Entering the discussion here...
----- Original Message -----
From: "Pete Carlton" <[EMAIL PROTECTED]>
> But even this goes way out in front of what we can possibly know. You
> say we have no idea what these feelings are like to experience--but why
> should we assume we even are entitled to ask this question?
And why assume that we are not? I prefer not to have
my right to ask waived. If I cannot ask it, then I should
understand why not, and that would be an answer in a
> To borrow a bit from Wittgenstein -- imagine you have completely
> translated these aliens' language, and they tell you that each of them
> has a box with something inside it. Although they talk a lot in rather
> vague terms about what's in their box, they insist you can't really
> know what is inside it. Now what is the logical conclusion here:
> a) There may or may not be something in the box.
> b) There's definitely something in the box, and I have absolutely no
> idea what it is.
> What on earth could possibly make someone conclude (b) here? It's not
> logical at all. Yet this is what people conclude when they bend over
> backwards talking about "qualia" and how ineffable they are.
And you seem to conclude a (c) hypothesis: "there is
definitely nothing inside the box". I stay with (a). And
to try to find out if there is something there or not, we
need to talk about it, and "qualia" is the word for the
hypothetical contents of the box.
> > So, in addition to the empirical data, there is this extra bit of
> > information, neither contained in the data nor able to be derived from
> > it using the laws of physics: what it actually feels like to be the
> > one experiencing the subjective sensation. If someone can think of a
> > better way to describe it than "extra bit of information" or can come
> > up with a way to formalise it, I would be happy to hear about it.
> A better way to describe what, exactly? "What it actually feels like"?
> But why do you first commit yourself to the view that this question
> makes any sense?
Suppose a blind man did understand all the chain of events
that lead from the light reaching the eyes to the retina, then
to the brain and finally to the qualia of red. Would he see the
red? Why not?
I can imagine that I have my vision scrambled in such a way
that red is exchanged with blue. Red is the color that I associate
with an apple, and blue to the sky. I can imagine that the sky
appeared to have the color of an apple and an apple appeared
to have the sky's color. But if that happened, from then on, I
could change the names of the colors in such a way that I still
called the apple 'red' and the sky 'blue'. If there is no such a
thing as 'qualia', then nothing really happened. But I could tell
that things are different. In what sense could they be different?
> > I suppose there will still be some who insist that if you know all
> > about the physiology etc. behind the alien response to gamma rays,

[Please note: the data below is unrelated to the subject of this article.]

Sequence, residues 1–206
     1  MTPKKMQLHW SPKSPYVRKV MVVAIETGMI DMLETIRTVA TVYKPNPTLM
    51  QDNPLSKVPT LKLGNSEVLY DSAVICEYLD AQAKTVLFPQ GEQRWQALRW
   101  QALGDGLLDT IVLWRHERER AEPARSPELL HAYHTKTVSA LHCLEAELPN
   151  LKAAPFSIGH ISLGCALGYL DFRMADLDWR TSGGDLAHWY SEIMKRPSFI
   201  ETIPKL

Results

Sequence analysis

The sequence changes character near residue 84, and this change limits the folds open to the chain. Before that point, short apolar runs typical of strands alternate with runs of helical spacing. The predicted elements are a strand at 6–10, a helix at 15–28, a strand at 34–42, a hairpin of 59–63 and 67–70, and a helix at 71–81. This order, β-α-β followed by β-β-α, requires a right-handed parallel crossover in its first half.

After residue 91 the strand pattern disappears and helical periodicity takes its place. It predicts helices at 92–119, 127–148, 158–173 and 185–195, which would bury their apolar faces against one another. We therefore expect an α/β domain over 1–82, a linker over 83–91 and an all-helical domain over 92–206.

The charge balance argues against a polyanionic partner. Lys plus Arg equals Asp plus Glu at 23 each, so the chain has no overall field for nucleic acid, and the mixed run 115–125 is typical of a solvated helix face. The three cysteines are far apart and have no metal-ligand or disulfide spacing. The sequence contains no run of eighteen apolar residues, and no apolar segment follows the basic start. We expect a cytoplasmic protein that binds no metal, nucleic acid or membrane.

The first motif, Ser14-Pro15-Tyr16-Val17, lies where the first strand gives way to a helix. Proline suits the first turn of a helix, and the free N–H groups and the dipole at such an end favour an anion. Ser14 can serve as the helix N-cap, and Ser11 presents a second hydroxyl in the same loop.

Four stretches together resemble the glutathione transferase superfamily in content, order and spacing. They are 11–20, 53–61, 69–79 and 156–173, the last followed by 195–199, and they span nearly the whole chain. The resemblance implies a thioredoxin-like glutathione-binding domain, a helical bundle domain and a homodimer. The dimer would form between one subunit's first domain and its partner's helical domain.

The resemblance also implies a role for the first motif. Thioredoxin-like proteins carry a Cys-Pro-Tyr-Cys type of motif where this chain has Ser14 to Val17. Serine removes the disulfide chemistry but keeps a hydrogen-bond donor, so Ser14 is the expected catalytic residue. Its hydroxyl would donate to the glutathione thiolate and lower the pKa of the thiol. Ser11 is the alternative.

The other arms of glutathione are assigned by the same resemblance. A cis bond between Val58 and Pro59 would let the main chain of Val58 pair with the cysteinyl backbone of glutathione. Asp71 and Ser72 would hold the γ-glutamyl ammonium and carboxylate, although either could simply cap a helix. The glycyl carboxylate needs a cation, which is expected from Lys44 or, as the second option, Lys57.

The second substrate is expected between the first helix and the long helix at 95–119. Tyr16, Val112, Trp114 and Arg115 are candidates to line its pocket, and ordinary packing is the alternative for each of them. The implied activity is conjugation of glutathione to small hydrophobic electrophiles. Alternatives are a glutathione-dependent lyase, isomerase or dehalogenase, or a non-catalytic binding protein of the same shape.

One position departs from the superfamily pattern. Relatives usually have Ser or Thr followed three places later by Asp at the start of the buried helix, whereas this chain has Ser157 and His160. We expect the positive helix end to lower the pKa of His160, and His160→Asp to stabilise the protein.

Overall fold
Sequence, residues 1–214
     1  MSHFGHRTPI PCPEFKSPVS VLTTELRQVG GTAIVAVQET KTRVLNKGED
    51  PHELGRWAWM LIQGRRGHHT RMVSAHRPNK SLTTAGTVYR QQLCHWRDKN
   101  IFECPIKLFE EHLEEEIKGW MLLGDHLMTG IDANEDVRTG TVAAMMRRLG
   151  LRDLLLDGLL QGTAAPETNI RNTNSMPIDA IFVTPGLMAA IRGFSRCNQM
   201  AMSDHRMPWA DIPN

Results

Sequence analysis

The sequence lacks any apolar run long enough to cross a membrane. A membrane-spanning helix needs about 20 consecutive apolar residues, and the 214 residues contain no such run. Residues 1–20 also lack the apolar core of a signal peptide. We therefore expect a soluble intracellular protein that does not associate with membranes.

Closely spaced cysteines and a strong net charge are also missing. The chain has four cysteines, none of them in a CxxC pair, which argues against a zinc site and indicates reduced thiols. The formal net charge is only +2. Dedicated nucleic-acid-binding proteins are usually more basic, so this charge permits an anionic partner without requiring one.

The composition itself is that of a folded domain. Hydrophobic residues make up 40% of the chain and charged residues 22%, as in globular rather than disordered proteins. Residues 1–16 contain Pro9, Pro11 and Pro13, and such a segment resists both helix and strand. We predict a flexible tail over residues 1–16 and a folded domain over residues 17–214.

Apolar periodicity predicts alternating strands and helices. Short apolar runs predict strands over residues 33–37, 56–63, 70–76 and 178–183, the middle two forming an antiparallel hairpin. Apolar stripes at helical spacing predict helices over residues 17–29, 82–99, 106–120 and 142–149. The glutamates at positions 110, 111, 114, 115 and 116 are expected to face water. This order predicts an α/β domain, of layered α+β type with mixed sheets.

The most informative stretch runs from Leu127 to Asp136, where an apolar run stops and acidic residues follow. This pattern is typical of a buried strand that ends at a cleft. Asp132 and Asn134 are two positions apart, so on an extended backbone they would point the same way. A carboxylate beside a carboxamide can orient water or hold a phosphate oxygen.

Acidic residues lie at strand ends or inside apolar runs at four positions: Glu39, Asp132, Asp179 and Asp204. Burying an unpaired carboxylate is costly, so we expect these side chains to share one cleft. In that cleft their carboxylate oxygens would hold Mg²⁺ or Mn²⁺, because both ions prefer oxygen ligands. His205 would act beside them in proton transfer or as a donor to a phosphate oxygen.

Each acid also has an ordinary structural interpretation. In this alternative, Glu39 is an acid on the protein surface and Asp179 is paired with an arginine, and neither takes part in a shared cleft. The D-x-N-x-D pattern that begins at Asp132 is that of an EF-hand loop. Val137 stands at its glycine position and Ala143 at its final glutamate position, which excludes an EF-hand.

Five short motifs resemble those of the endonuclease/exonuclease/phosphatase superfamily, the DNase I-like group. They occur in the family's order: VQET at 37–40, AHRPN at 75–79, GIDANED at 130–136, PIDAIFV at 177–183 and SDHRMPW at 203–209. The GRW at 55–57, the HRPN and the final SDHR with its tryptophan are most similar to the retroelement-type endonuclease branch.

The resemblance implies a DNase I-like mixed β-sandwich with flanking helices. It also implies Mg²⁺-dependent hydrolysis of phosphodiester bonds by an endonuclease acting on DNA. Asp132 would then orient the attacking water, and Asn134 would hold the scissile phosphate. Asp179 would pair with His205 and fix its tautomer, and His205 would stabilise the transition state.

> > then you know all there is to know. I think this response is analogous
> > to the "shut up and calculate" attitude to the interpretation of
> > quantum mechanics.
> Yes, I am one of these people. You say "if you know all about", and
> you must be taken seriously here: you would really have to know >all<
> about it. But if you did, you would be able to entirely trace the
> causal pathway from the receipt of the gamma rays, to whatever internal
> responses go on inside the alien's body, to the subsequent report of "I
> feel that pleasant, odd-multiple feeling". Let's say you had that
> entire explanation written out. And "subjective experience" doesn't
> appear anywhere on this list. So what reason on earth do you have to
> assert that it exists?
When the alien says "I feel that pleasant feeling", he is just
saying that he knows that chain of events is happening
in his body right now. Suppose you are watching him with
equipments that let you know that same thing. Could you
also say "I feel that pleasant feeling" too? Why not, if there
is nothing beyond the chain of events? What could make the
alien's knowledge different from yours? One obvious answer
is that "he is the organism where those events are happening".
But this means that each organism is entitled to "feel
something" about himself , an experience that is inaccesible to
others, no matter how comprehensive their knowledge is. But
that is something that you are claiming that does not exist.
How can we explain this without something as "qualia"?
Sorry for making so many questions. I don't intend to be
pedantic, but I really don't know the answers.
> Of course subjective experience exists in a way -- but it's just a way
> of talking about things. It isn't a "primitive". When I see red, I
> have a subjective experience of red, sure -- but all this means is just
> that my brain has responded to a certain stimulus in the way it
> normally does.
And maybe it is not all that this means...